Live Blog: Allergens of the Year – Not Just Names, but Real Cases. Faculty: Sharon Jacob, MD
In this live blog from the Annual SDPA Fall Conference in Orlando, FL, Sharon Jacob, MD, presented a lecture called, “Allergens of the Year – Not Just Names, but Real Cases.” Here are some of the highlights.
Dr. Jacob spoke on the “allergens of the year” between 2000 and 2015 (the list can be found below) and presented real cases that have been seen related to common allergens. Dr. Jacobs detailed creative and critical methods for determining the source of an allergen breakout in patients and listed popular and common products where these allergens can be found.
Dr. Jacob shared that beginning in the year 2000 the FDA developed an “Allergen of the Year” in order to draw attention to the agents causing the most significant clinical allergen effects. These allergens are often under-recognized, have become obsolete or have exposure patterns that have changed. While the original intent was academic in nature, the annually awarded allergen also plays a key role in increasing public awareness.
The allergen of 2015 is formaldehyde. Formaldehyde is primarily used to prevent contamination in personal hygiene products and for tissue preservation. Formaldehyde can be found in shampoos, body washes and hand soaps, lotions and creams, baby wipes, nail polish, mascara, disinfectants, fabric softeners, topical wart remedies, adhesives, Brazilian Blowout treatments, wrinkle-free fabrics and tissue specimen preservation solutions.
Dr. Jacob shared that formaldehyde has been found in products such as moisturizers and alcohol swabs that are not labeled to include formaldehyde. Therefore, it is important to test all products that might be the source for a patient’s dermatitis regardless if formaldehyde is not found on the label.
A pearl Dr. Jacob shared is that if you know a patient has a formaldehyde allergy, make sure they also avoid aspartame, which shares some allergen triggers with formaldehyde.
An additional pearl to consider when treating patients with allergens is polysensitization. Polysensitization is when a patient has a positive patch test reaction to three or more unrelated allergens. When antibiotics (and steroids for that matter) are used to treat dermatitis (atopic, irritant, allergic dermatitis), the patient can become sensitized to an increasing number of allergens.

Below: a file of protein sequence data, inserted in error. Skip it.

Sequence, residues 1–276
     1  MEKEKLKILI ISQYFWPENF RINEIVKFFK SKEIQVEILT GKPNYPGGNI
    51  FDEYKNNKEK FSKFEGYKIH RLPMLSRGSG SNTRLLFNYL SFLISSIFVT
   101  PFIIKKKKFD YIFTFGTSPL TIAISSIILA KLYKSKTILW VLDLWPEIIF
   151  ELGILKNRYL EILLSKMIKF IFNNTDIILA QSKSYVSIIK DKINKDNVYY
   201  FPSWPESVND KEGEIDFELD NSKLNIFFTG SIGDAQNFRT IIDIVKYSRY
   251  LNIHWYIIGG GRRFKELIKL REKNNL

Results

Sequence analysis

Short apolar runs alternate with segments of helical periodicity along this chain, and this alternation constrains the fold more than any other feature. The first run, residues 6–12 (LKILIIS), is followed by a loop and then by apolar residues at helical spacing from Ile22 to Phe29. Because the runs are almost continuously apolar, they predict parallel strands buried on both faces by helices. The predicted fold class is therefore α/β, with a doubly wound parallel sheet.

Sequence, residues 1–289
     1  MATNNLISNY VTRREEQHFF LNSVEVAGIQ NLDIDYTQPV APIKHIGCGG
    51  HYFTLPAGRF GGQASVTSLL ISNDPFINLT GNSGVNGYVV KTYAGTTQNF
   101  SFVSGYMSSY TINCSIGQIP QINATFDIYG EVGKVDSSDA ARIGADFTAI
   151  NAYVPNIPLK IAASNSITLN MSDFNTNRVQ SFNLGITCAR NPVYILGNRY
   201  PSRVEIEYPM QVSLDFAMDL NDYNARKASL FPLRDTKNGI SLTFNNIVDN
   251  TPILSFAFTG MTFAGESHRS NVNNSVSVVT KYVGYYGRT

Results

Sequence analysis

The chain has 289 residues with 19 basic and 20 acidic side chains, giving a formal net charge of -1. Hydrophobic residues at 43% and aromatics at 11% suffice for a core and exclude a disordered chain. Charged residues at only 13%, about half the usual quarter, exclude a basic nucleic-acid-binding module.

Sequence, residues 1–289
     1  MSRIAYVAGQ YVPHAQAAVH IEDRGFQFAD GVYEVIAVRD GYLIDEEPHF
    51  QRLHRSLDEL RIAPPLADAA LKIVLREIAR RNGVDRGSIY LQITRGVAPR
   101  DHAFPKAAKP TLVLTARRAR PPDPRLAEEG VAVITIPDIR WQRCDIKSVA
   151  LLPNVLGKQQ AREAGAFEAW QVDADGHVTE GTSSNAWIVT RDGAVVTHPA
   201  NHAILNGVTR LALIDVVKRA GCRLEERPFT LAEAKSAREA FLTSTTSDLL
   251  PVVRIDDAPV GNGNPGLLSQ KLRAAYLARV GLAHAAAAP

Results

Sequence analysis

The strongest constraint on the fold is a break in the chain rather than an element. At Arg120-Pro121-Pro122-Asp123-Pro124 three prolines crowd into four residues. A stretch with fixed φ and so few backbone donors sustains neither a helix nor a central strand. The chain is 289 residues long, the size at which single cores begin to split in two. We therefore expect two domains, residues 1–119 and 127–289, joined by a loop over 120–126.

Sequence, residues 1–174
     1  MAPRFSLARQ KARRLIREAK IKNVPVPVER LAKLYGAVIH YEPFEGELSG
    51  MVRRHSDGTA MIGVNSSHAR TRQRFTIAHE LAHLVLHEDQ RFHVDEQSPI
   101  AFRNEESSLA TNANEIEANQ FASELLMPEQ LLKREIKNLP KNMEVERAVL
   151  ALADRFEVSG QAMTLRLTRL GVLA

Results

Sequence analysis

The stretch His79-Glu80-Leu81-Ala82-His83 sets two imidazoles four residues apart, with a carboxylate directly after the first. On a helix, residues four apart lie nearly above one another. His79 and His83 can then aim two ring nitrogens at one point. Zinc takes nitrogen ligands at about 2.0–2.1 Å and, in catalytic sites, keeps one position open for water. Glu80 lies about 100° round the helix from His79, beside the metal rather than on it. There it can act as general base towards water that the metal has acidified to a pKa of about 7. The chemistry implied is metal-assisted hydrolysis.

Below is the list of the sixteen Allergens of the Year and some supporting pearls.
Methylisothiazolinone Pearl— MI is found in leather cleaning wipes popularly used to wipe leather furniture.
Acrylate Pearl— found in Plexiglas, dental fillers and nail cosmetics, Nitrile gloves have shown to better protect people exposed to acrylate than vinyl or latex gloves.
2011 Dimethyl fumarate
2009 Mixed dialkyl thioureas
Mixed dialkyl thioureas Pearl— Because the thiourea allergy may be missed by screening only with mixed dialkyl thiourea, it is recommended that the patch testing with a component of the patients neoprene product be considered.
Nickel Pearl— Increasing reports of ACD to nickel containing electronics – cell phones, laptops, & iPhones.
Corticosteriods Pearl— While ACD to steroids is well reported, 2014 marked the first report of a bullous systemic contact dermatitiss after a routine corticosteroid injection for chronic joint pain.
2004 Cocamidopropyl betaine
Cocamidopropyl betaine Pearl— Zhao and Li studied the frequency of contact sensitization to a European cosmetic series of allergens in a Beijing population, and found the top three leading allergens to be thimerosal, shellac and CAPB.
Thimerosal Pearl— In Mexico, mercury is prohibited for use in cosmetic products; yet, phenyl mercury & thimerosal are allowed as preservatives in eye make-up.
2000 Disperse Dyes